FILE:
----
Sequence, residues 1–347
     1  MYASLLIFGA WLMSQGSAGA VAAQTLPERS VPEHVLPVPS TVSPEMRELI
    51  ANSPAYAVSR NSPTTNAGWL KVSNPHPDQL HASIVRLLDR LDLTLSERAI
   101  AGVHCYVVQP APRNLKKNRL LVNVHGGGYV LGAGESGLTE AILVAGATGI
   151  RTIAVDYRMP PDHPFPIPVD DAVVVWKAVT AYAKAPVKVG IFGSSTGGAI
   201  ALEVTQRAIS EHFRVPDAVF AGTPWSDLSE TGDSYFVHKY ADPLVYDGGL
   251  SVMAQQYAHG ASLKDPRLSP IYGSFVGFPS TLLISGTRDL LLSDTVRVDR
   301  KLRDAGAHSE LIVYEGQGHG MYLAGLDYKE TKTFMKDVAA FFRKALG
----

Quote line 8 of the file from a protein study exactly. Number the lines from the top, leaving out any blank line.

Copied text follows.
   301  KLRDAGAHSE LIVYEGQGHG MYLAGLDYKE TKTFMKDVAA FFRKALG